The Word: Anthony Davis should receive major consideration for MVP
We now know the big three candidates for the NBA's MVP Award. Cleveland Cavaliers LeBron James, Houston Rockets James Harden, and New Orleans Pelicans Anthony Davis.
Most will automatically eliminate Davis from this conversation, I'm here to tell you why you really shouldn't do that and look a little bit closer at this race for the MVP.
We all know LeBron James is the best player on the planet and could conceivably be the league MVP every single year. This year, at age 33 James did it all by averaging close to a triple-double (27.5 ppg, 8.6 rpg, 9.1 apg).
James Harden was the best player on the best team in the league during the regular season. He lead, not only the team but, the league in scoring with 30 ppg and was third in the league with 8.8 apg.
Finally, AD had arguably his best season as a professional at the age of 25 this past year. He finished second in the league in points per game average with 28.1, lead the league in shots blocked with 2.6 per game, and turned the ball over just 2.2 times per game which is a very low number with all the double teams he deals with.
Okay, so you've got the numbers, those are typically what people look at because they're on the surface and you don't have to dig too deep to see these were the three best players in the league. But I want to take you a little bit deeper and tell you why you shouldn't immediately eliminate Anthony Davis from the conversation just because he's not "The King" or the best player on the best team.
First of all, take a look at the Pelicans season as a whole. They brought in DeMarcus Cousins last year via trade and this was going to be the first time we'd see the two big guys play alongside one another for an entire year. They signed Jrue Holiday to a 5 year, $132 million dollar contract, a guy who was good but seemed as though you had to overpay to keep him. They brought in a Rajon Rondo who was basically a castoff since his prominent years with the Boston Celtics and missed about the first month or so of the season with a sports hernia.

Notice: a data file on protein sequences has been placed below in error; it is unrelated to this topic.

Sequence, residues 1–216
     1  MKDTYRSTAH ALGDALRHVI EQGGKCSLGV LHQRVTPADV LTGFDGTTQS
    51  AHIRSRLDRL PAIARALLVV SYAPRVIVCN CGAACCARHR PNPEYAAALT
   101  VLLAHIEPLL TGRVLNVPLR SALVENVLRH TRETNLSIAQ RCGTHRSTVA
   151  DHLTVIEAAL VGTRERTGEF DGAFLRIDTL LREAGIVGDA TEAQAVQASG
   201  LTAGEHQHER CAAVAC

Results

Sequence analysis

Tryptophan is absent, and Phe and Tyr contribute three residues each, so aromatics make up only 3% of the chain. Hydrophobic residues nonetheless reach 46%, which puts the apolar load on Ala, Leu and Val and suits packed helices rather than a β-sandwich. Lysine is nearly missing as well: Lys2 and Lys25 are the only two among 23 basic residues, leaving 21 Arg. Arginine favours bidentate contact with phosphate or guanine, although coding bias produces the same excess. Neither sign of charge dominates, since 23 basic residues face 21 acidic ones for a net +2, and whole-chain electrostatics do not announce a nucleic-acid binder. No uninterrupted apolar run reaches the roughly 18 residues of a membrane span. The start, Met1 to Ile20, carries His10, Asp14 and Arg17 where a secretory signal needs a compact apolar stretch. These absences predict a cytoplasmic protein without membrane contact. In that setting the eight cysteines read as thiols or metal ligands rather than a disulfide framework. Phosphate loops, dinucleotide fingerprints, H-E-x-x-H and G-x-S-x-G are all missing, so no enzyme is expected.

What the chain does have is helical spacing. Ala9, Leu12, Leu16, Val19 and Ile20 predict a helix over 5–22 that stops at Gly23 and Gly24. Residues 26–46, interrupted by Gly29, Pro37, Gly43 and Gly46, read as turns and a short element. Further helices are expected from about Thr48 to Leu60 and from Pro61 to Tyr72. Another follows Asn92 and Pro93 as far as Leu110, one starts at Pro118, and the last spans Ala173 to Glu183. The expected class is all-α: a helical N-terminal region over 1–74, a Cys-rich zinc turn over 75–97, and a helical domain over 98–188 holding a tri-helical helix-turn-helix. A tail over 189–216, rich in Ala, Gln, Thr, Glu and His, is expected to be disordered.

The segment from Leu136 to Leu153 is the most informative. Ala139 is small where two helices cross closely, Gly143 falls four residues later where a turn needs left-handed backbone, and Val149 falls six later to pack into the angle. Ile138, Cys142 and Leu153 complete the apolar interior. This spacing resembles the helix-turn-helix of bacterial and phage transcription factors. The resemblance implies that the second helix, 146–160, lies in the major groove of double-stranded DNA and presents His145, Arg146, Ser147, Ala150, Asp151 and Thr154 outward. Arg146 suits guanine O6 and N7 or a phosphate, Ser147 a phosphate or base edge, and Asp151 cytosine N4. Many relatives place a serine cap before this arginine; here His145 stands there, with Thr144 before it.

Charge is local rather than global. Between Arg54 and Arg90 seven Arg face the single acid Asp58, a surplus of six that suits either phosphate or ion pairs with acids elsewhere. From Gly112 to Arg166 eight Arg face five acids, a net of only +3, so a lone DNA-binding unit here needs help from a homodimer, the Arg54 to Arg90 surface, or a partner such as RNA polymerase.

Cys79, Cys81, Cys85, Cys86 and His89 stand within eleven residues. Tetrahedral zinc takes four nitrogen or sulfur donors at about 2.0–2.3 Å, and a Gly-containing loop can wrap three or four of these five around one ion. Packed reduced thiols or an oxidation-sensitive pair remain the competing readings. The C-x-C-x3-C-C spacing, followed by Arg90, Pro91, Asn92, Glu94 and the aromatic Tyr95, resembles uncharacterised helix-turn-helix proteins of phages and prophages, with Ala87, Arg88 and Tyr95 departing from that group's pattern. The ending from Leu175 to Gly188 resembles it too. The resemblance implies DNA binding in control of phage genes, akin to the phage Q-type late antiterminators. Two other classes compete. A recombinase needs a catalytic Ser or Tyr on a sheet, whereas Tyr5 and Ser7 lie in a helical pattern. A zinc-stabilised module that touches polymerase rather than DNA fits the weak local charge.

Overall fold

How did that all pan out? Well, we know DeMarcus Cousin tore his Achilles in late January in a win against the Houston Rockets. So, we weren't able to see what AD and Cousins looked like together for a full season. In direct relation to that, General Manager Dell Demps made a move to acquire sharp shooting big man, Nikola Mirotic from the Chicago Bulls. Jrue Holiday proved that he was well worth his shinny new contract and really blossomed at age 27 and Rajon Rondo turned out to be a tremendous leader who took some of the burden off of Holiday and Davis.
We've seen Davis take things over in the past for the Pelicans but this season was different, he finally had some help. The greatest point that can be made is the adjustment, not only the team had to make but the one he had to make after Cousins went down was major. Alvin Gentry had to reinvent the offense; all while trying to incorporate a new player in Mirotic, staying in the playoff race in a tough Western Conference, and making the most out of a shallow bench.
The team had to adjust from playing at a slower tempo with the two dominate big men, to playing fast, fast that rivaled the Golden State Warriors game speed. Not only did Davis not break stride, he thrived in this uptempo style offense when he finally had some legitimate help around him.
In 2017 the Pelicans accumulated 34 wins and missed the playoffs. In 2018 this team lost their second best player half way through the season, missed their new starting point guard for a month and a half, and improved by 14 games winning 48. That is a direct testament to how Anthony Davis handled adversity this year and the team improved by 14 games! Again, that was with them losing their second best player in Cousins.
James Harden's Rockets added Chris Paul, a player Pelicans fans know the greatness of very well, and they improved from 55 wins a year ago to 65 this year. You would expect that.
The Cavaliers had a rocky year in a weaker Eastern Conference after trading away their second best player in Kyrie Irving and then once again revamping their roster at the trade deadline. Still, the team only lost one more game than they did a year ago-51 wins last year, 50 wins this year.
We expected what we got out of James Harden and LeBron James but what Anthony Davis was able to do was remarkable. Not only did he fight through adversity by losing Cousins but he then had to adjust to a completely different offense mid-way through the season, I don't think he gets enough credit. In my eyes, he's the league MVP and you know I'm not just saying that because I look at the NBA world through New York Knicks colored glasses.